Here, we showed that human LUZP1 localizes to the centrosome, basal body, actin filaments, and midbody and associates mainly with centrosome/basal body components and actin-associated proteins like EPLIN. LUZP1 depletion in RPE-1 cells did not affect cell cycle progression. In fact, despite the midbody localization, no signs of cytokinesis failure (e.g., unresolved cellular bridges, multinucleated cells, or abnormal centrosome numbers) were observed in LUZP1-depleted cells. A role in cell division cannot, however, be ruled out due to potential residual levels of LUZP1. Silencing LUZP1 and EPLIN caused increased ciliation and ciliary lengthening. Critically, depleting these proteins increased the levels of MyosinVa at the centrosome, which also happens in the case of ciliation induction by cytochalasin D. Thus LUZP1 and EPLIN may play a role in the early steps of ciliogenesis. These results and the similarity to EPLIN in terms of loss-of-function phenotypes lead us to propose an actin-related role for LUZP1 supported by several lines of evidence. First, similar to EPLIN, LUZP1 overexpression stabilizes actin, as evidenced by brighter phalloidin staining of actin filaments. Also, overexpressing aa 1–496 caused a striking effect on actin organization consistent with a recent report showing that LUZP1 fragments (aa 1–500, and aa 400–500) cross-link actin in vitro (Wang and Nakamura, 2019). These results suggest that the C-terminal region of LUZP1 (aa 500–1,796) somehow masks/inhibits this actin-bundling domain. Second, the overexpression of LUZP1, as well as EPLIN, rescues the increased ciliation phenotype caused by cytochalasin D, possibly through, at least in part, increased levels of ARP2 and actin at the centrosome. Also, depleting LUZP1, but not EPLIN, sensitizes cells to cytochalasin D treatment, reflected by an additional increase in ciliation levels when the two treatments are combined. Some of these results have been validated in a recent report (Bozal-Basterra et al., 2019 Preprint).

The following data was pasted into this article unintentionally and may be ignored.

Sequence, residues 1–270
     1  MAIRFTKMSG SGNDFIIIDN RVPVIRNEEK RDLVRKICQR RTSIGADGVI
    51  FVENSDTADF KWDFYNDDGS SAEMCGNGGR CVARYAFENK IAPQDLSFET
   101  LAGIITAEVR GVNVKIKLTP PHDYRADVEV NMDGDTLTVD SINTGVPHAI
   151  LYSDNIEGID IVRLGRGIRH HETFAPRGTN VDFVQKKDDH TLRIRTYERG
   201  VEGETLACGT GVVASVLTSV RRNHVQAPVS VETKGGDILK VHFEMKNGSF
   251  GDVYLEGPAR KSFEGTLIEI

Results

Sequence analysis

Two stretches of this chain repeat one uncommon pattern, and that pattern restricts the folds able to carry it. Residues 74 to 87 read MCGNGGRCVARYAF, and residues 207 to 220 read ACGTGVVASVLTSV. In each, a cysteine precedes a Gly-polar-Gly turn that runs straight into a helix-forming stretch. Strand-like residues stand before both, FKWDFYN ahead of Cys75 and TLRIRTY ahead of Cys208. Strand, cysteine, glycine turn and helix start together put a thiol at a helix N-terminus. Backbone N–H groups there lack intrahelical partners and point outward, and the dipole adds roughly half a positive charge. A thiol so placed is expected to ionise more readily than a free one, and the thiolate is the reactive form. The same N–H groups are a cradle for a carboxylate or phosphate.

The relevance of the interaction between LUZP1 and EPLIN remains unclear. There are similarities in loss-of-function and overexpression phenotypes for both proteins. Also, the overexpression of one can rescue, at least partially, the loss-of-function phenotype of the other. However, the codepletion of both genes leads to an additional increase in ciliation compared to individual knockdowns. Importantly, LUZP1 is required for EPLIN’s role in counteracting the effect of cytochalasin D on ciliation. One key difference between the two proteins relates to their localization. LUZP1, but not EPLIN, localizes to the centrosome/basal body, where it may regulate actin dynamics. This could be critical to translate EPLIN’s effect on actin to the site of cilia formation in situations of a compromised cytoskeleton, as under cytochalasin D treatment. Alternatively, LUZP1 may have other roles not necessarily linked to actin. Finally, LUZP1 and EPLIN seem to colocalize to a certain degree along actin filaments but accumulate at distinct actin-associated structures. It is therefore possible that while these proteins may work together in the regulation of some cellular processes, they may well possess independent roles in others, which warrants further investigation.